We have recently held that it is not error for a trial court to refuse a defendant's tendered instruction on the post trial procedures in an insanity case. Tyson v. State, (1979) Ind., 386 N.E.2d 1185; Malo v. State, (1977) 266 Ind. 157, 361 N.E.2d 1201. The reason for this is that such matters are not for the jury's consideration, whose sole function is to determine the guilt or innocence of the defendant.
Again prior to trial, the defendant moved to suppress the introduction of his confession into evidence. Following a full evidentiary hearing, the trial court denied the motion. At trial, the State proffered the confession, the defendant objected and the trial court overruled the objection and admitted the confession into evidence. Defendant asserts that the trial court was in error for two reasons: 1) that he was under the influence of liquor and drugs when the confession was made; and 2) that the confession was a product of promises of leniency and psychiatric treatment. Neither facet of the assertion has merit.
"It is the State's burden to prove, beyond a reasonable doubt, that the defendant voluntarily and intelligently waived his rights and that the defendant's confession was voluntarily given. In considering whether the burden was satisfied we look at the totality of circumstances to determine whether there was any inducement by way of violence, threats, promises or other improper influence. However, in reviewing the trial court's ruling upon the issue, we will consider only the evidence which supports that ruling, when the evidence is in conflict, as well as any unrefuted evidence in the defendant's favor." Jackson v. State, (1980) Ind., 411 N.E.2d 609, 610-11 (citations omitted).
As to the first facet of the assertion, at the suppression hearing, Defendant testified that he had consumed both alcohol and drugs on the day he confessed. However, a police officer, who witnessed the confession, testified that the defendant did not appear to be intoxicated or under the influence of drugs when he confessed. The officer's testimony was corroborated at trial by the testimony of another officer who had spoken with the defendant when he first arrived at the police station, as well as by the testimony of a woman related by affinity to the defendant, who spoke with him immediately prior to his going to the police station on the night of the confession. Such evidence clearly supports the ruling of the trial court. See Jackson, 411 N.E.2d at 611; Feller v. State, (1976) 264 Ind. 541, 544-45, 348 N.E.2d 8, 12-13.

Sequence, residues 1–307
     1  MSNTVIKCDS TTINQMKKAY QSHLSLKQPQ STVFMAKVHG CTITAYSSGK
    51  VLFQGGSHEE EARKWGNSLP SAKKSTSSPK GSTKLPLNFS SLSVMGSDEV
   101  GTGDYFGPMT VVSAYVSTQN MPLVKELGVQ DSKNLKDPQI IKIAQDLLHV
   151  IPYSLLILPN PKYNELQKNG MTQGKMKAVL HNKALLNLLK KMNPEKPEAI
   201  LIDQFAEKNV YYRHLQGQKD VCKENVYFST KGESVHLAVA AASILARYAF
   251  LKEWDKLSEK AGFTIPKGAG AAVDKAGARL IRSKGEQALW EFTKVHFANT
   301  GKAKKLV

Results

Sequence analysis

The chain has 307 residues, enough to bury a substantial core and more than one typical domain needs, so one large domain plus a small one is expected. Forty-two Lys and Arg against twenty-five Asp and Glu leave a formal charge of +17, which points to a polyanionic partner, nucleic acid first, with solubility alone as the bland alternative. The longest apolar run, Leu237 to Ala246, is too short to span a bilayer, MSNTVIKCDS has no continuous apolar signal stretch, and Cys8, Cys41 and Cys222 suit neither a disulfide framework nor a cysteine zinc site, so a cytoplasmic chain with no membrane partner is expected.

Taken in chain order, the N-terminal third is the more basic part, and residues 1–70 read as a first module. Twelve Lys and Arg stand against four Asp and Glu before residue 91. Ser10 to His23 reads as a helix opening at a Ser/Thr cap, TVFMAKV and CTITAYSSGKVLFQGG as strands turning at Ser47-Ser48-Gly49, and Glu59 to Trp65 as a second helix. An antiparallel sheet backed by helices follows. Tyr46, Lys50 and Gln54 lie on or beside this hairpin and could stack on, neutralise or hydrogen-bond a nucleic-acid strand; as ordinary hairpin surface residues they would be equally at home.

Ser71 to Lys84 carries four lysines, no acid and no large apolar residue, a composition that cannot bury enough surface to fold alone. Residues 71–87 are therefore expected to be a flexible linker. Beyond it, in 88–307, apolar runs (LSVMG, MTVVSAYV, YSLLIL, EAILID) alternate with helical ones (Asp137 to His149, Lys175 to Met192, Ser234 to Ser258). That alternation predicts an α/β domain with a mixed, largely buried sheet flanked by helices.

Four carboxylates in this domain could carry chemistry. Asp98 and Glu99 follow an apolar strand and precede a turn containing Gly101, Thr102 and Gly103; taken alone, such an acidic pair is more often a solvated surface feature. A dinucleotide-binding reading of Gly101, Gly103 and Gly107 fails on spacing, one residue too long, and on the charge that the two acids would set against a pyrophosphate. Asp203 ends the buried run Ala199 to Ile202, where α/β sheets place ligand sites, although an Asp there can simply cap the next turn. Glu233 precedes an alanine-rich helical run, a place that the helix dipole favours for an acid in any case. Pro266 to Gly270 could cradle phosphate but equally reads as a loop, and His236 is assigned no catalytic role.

As to the second facet of the assertion, Defendant contends that while there were "no direct and absolute promises" made by the police, there was an "implied promise" that he would receive proper psychiatric treatment if he agreed to give a statement.
In Ashby v. State, (1976) 265 Ind. 316, 320, 354 N.E.2d 192, 195, we recognized the constitutional principle that a confession is inadmissible when it is obtained by a promise of immunity or mitigation of punishment. However, the facts of that case were that the officer induced appellants to confess to the crime by his direct representation to them that, by confessing, they would be able to secure a `ten flat' sentence instead of a life sentence. Id. at 321, 354 N.E.2d at 196. The facts of this case present an altogether different picture; the investigating officer merely informed the defendant that, if asked to testify, he would state his belief in the defendant's mental illness, and that he would seek psychiatric aid for him. We can not say that these "vague and indefinite" representations induced the confession. See Harrison v. State, (1978) 269 Ind. 677, 382 N.E.2d 920, cert. denied, (1979) 441 U.S. 912, 99 S.Ct. 2010, 60 L.Ed.2d 384; Ortiz v. State, (1976) 265 Ind. 549, 356 N.E.2d 1188. Accordingly, the trial court did not err in admitting it into evidence.